Nunavut candidates fan out across territory
A long campaign trail ahead for federal hopefuls in one of Canada’s biggest ridings
The federal election accelerated this week in Nunavut as candidates from three parties begin to push their campaigns forward.
Conservative Laura MacKenzie is scheduled to fly from Kinngait to Iqaluit Tuesday, will be in Pond Inlet for Wednesday and Thursday, Clyde River for Friday and early Saturday and will end the week with a Saturday afternoon meeting with Iqaluit Mayor Kenny Bell.
During her campaigning this week MacKenzie wants to connect with residents through activities such as door-to-door canvassing, visiting mayors and meeting community organizations like Clyde River’s Ilisaqsivik Society, said Claudine Santos, a spokesperson for MacKenzie.
Santos said that some of the issues MacKenzie intends to address are housing, mental health, cost of living and economic recovery. A particular program that MacKenzie is advocating for is trauma therapy for Nunavummiut struggling with mental health and intergenerational trauma.
“She [MacKenzie] understands that people in Nunavut are in crisis and when people are in crisis they want to feel heard,” Santos said.
Liberal Pat Angnakak is campaigning in Iqaluit this week and heading to the Kitikmeot region next week.
Housing, healthcare and food insecurity are some of the prominent issues Angnakak said she plans to address.
For health care specifically, Angnakak said more funding needs to go toward services like dental care and eye care.
“We have a long wait-list and it is something I feel can be better worked out with the various governments and Inuit organizations,” Angnakak said.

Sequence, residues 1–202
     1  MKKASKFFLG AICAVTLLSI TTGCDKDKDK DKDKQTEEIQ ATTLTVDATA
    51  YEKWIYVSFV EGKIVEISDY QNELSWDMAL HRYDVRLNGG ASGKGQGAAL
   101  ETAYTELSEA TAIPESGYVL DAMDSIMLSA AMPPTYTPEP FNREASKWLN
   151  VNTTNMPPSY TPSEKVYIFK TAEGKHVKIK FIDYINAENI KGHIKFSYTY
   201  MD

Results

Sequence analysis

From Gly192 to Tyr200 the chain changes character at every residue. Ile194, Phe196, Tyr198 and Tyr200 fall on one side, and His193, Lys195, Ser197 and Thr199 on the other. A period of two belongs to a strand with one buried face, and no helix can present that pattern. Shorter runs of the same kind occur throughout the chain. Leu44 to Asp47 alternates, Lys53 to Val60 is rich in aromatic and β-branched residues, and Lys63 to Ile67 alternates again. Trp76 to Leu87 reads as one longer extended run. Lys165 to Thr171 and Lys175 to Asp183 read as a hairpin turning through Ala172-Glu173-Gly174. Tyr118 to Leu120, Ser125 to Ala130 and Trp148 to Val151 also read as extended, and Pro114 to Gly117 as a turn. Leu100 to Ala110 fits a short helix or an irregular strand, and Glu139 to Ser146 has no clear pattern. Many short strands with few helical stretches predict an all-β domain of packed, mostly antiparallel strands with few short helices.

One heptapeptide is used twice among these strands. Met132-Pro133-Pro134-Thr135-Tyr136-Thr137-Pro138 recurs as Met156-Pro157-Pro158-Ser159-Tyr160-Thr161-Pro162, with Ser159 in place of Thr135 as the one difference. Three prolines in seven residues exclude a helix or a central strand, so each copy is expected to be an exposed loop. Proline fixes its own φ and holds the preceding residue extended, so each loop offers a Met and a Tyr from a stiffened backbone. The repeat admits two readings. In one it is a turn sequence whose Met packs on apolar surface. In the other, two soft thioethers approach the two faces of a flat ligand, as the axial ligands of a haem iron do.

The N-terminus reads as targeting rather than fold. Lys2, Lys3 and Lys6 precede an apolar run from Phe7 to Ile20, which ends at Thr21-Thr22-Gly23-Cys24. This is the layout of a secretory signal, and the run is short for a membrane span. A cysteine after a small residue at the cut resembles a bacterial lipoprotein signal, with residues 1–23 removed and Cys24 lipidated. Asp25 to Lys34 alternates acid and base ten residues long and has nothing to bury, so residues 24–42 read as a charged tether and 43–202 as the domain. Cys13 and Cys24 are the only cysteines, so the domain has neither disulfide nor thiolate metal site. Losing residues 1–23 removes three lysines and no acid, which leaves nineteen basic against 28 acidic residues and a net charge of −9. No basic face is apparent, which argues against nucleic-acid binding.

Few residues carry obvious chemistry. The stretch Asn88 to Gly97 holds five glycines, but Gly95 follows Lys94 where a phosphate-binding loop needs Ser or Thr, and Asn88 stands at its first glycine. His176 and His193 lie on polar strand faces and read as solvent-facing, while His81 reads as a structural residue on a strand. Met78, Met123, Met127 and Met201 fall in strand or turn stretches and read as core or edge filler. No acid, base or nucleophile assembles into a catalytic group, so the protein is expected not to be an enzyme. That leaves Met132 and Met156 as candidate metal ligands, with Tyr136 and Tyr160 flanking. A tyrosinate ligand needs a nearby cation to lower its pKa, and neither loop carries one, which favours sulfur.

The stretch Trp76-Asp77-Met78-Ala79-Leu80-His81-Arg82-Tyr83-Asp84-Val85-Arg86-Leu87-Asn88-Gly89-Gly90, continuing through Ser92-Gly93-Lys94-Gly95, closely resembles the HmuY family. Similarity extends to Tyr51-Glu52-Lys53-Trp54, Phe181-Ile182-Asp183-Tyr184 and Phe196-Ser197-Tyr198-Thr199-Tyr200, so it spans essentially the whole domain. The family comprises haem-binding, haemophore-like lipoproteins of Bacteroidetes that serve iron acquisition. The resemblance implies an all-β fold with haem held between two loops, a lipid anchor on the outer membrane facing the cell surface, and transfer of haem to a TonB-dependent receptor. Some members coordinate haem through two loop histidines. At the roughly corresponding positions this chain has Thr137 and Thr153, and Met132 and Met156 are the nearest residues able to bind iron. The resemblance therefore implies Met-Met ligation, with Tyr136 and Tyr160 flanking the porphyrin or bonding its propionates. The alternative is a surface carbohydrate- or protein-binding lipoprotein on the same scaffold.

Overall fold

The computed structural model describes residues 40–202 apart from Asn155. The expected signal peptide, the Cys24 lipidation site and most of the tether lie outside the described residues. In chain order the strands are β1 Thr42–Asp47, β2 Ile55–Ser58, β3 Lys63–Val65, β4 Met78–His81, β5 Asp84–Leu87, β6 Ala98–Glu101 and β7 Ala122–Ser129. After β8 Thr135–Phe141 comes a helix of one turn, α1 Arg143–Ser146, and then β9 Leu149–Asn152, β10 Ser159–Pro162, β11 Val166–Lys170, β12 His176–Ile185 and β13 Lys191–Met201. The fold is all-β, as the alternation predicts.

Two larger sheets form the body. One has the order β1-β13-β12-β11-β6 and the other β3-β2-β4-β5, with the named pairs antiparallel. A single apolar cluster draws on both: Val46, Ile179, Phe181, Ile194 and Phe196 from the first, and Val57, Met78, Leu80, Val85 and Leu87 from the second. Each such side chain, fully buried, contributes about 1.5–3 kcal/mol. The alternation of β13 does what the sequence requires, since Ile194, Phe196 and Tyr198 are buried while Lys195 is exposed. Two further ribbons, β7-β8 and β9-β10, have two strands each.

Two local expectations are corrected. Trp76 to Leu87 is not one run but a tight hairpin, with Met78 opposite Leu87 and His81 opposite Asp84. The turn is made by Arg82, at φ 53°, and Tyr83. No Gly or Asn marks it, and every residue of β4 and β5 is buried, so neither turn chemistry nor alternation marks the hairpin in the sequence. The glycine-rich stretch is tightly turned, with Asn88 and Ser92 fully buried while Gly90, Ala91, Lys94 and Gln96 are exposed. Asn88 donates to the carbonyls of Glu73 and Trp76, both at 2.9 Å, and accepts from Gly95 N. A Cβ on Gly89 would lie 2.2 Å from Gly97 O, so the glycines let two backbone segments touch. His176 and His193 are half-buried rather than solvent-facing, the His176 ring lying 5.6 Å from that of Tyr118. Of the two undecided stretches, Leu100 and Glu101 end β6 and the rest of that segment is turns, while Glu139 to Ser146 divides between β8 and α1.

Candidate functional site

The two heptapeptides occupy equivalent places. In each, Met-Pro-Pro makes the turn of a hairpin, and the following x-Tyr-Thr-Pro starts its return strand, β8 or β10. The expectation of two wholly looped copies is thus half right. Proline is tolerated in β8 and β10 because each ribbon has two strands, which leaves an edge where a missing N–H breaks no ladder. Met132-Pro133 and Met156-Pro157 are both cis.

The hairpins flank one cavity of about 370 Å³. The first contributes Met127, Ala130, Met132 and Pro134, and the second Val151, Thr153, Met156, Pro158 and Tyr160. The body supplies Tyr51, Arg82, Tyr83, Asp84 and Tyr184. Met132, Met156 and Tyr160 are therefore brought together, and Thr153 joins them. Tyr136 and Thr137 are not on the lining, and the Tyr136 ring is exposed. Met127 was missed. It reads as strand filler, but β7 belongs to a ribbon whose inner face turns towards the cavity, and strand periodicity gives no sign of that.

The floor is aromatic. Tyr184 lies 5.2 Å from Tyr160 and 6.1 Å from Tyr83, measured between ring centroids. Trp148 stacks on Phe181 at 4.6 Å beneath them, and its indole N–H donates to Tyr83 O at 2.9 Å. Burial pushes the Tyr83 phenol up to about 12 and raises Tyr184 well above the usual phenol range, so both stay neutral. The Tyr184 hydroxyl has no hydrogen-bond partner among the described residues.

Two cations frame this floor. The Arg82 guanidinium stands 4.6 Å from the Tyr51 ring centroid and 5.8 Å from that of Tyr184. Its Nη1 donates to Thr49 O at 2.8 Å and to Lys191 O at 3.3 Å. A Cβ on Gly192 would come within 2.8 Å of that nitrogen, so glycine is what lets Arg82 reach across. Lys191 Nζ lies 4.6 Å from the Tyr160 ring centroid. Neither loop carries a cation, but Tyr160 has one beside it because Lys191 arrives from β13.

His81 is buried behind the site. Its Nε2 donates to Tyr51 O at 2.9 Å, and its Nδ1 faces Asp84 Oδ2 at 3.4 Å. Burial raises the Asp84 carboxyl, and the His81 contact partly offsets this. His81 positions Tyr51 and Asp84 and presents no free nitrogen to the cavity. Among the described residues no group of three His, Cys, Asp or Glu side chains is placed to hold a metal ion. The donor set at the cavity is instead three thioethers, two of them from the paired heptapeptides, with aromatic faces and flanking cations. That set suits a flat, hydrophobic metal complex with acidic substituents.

The NDP’s Lori Idlout began campaigning in her home community of Igloolik on Sunday and will be there until Wednesday. From Thursday until Saturday she will be in Pond Inlet. During her campaign stops Idlout is speaking to community members, elders and door-to-door canvassing, said NDP spokesperson Charlotte MacLeod.
MacLeod said Idlout’s first week will be about discussing her election priorities, such as housing, fostering a stronger relationship between Nunavut and the federal government, and youth empowerment.
On the topic of youth empowerment, Idlout said a particular focus of this week is engaging with youth about the importance of voting.
“Every vote counts,” Idlout said.
All campaigns have confirmed their candidate and their campaign staff are fully vaccinated against COVID-19. Vaccination status of candidates was an issue in southern Canada this week, as the Liberal party and NDP required candidates to be fully vaccinated in order to represent those parties. The Conservative party and Green party encourage their candidates to be vaccinated but do not require it.